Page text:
Considering the delivery footprint and customized offering expansion that Target has already executed with the acquisition of Shipt and other initiatives like the $45 box of essentials and at-store delivery, expanding its small-store format is key to sustained growth over the next few quarters. If the company successfully executes its plans for new store openings over the next two years, it will further boost the hybrid shopping experience that the company has been crafting. That equates to healthier digital comps, more traffic, strong overall comps, and continued expansion at the top line.
Along with Walmart (WMT), Target is one of only a few large retailers showing meaningful growth on the back of overall e-commerce growth in the United States. Kroger (NYSE:KR), for example, isn’t yet reaping the top-line fruits of the digital seeds it’s sown over the past two years, which is something I noted in my recent article titled Hold Kroger for Now. Target, on the other hand, is already seeing the top-line effects of its digital and delivery initiatives in addition to a healthy +35% digital comps growth.
The overall market is shifting from in-store to online, but it’s not going to happen overnight. Meanwhile, retailers like Walmart and Target are leveraging their massive physical store presences to expand their delivery and pickup reach, aided by the shift to e-commerce. Brick-and-mortar retail is resilient in the face of this onslaught but is giving way to a gradual conversion to the way shopping happens. An eMarketer report called The Future of Retail 2019 highlights this trend:
If you read into that table, you’ll see that in-store shopping is not suddenly going to give way to online commerce. Mobile is a strong driver for e-commerce growth, no doubt, but stronger than that is the average consumer’s need for that in-store experience, even if it only means picking up what you ordered online. Here’s a powerful statistic to back that up:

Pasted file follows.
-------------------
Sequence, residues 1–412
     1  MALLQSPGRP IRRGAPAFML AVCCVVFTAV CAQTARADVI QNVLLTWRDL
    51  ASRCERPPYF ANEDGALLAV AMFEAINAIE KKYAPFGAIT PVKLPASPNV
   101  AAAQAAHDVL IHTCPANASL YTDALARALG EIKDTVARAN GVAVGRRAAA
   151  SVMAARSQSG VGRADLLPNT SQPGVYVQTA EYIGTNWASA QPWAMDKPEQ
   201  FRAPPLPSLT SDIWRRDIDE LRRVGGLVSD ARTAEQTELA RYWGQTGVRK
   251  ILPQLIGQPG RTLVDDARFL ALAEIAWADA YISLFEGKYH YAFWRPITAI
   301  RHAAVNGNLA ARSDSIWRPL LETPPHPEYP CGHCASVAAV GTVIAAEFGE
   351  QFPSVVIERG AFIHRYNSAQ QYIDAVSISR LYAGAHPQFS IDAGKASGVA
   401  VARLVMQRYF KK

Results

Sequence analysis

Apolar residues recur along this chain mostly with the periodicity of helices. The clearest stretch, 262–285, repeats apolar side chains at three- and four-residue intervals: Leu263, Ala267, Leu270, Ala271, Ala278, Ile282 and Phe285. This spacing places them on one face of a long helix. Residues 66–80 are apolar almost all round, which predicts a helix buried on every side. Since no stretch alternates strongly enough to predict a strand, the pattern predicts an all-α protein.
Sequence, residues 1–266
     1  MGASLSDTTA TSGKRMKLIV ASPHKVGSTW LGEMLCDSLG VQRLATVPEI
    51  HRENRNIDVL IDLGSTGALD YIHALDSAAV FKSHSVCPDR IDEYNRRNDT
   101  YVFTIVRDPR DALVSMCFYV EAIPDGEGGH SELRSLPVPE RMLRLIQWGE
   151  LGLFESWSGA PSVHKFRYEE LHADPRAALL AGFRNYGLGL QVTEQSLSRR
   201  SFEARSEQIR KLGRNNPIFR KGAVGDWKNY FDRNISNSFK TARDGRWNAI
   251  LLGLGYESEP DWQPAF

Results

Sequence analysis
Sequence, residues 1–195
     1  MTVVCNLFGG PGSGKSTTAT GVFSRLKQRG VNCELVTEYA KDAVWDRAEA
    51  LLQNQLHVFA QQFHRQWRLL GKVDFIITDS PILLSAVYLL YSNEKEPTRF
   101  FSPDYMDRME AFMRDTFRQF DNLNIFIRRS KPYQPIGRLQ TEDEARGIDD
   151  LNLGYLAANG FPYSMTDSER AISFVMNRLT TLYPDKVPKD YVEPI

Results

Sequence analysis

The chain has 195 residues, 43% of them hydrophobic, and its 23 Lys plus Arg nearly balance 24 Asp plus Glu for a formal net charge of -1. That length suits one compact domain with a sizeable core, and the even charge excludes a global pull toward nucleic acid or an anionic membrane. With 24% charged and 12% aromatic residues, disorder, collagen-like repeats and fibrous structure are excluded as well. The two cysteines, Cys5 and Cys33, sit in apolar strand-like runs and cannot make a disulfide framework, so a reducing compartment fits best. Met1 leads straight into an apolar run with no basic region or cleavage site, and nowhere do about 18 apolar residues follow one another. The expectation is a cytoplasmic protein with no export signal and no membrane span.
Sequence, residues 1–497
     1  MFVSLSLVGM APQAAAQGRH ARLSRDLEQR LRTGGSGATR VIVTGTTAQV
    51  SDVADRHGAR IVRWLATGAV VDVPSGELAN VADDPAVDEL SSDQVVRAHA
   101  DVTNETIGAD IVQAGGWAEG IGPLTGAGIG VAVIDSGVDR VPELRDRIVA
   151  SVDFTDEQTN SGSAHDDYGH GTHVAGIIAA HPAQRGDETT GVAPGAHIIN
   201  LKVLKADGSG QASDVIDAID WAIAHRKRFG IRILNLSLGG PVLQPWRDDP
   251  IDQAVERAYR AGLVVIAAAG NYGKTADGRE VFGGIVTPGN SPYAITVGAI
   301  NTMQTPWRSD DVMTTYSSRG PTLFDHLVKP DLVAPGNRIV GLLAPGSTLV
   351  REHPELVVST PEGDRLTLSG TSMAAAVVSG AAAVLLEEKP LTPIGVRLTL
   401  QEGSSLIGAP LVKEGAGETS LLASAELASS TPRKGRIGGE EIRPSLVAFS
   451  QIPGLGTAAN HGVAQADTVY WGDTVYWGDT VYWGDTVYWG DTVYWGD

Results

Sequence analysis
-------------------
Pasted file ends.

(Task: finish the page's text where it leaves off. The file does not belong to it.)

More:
More than 70% of consumers would prefer to shop a brick & mortar Amazon store versus Amazon.com.”
Admittedly, that data nugget comes from a relatively small survey with a sample size of 1,000 shoppers conducted by TimeTrade, an online appointment scheduling service provider. However, it does help explain in a small way why eMarketer thinks brick-and-mortar is a resilient segment. Another report from Vista Retail Support shows that 81% of consumers in a survey said that the in-store experience was “vital to the shopping experience.” Another report from First Insight shows that people tend to spend more in-store than online, and it isn’t the first to say so.
What all these survey results imply is that people want the convenience of online shopping, but they need a touch of that in-store experience as well. And that’s exactly what retailers like Walmart and Target are cashing in on. By offering numerous channels for purchase, delivery and pick-ups, they’re pandering to all types of shopper preferences.
What does this all mean for an investor looking to add TGT to their portfolio? It means that Target is on the right path to sustainable growth. Its digital and delivery expansion initiatives are already showing results, and further store expansion will only help solidify that.
Target is clearly trading at a more reasonable earnings multiple than either of its big-box peers; and, considering the case I’ve built regarding the company’s actions versus results, I would say TGT will make a nice addition to your portfolio right now.
Disclosure: I/we have no positions in any stocks mentioned, and no plans to initiate any positions within the next 72 hours. I wrote this article myself, and it expresses my own opinions. I am not receiving compensation for it (other than from Seeking Alpha). I have no business relationship with any company whose stock is mentioned in this article.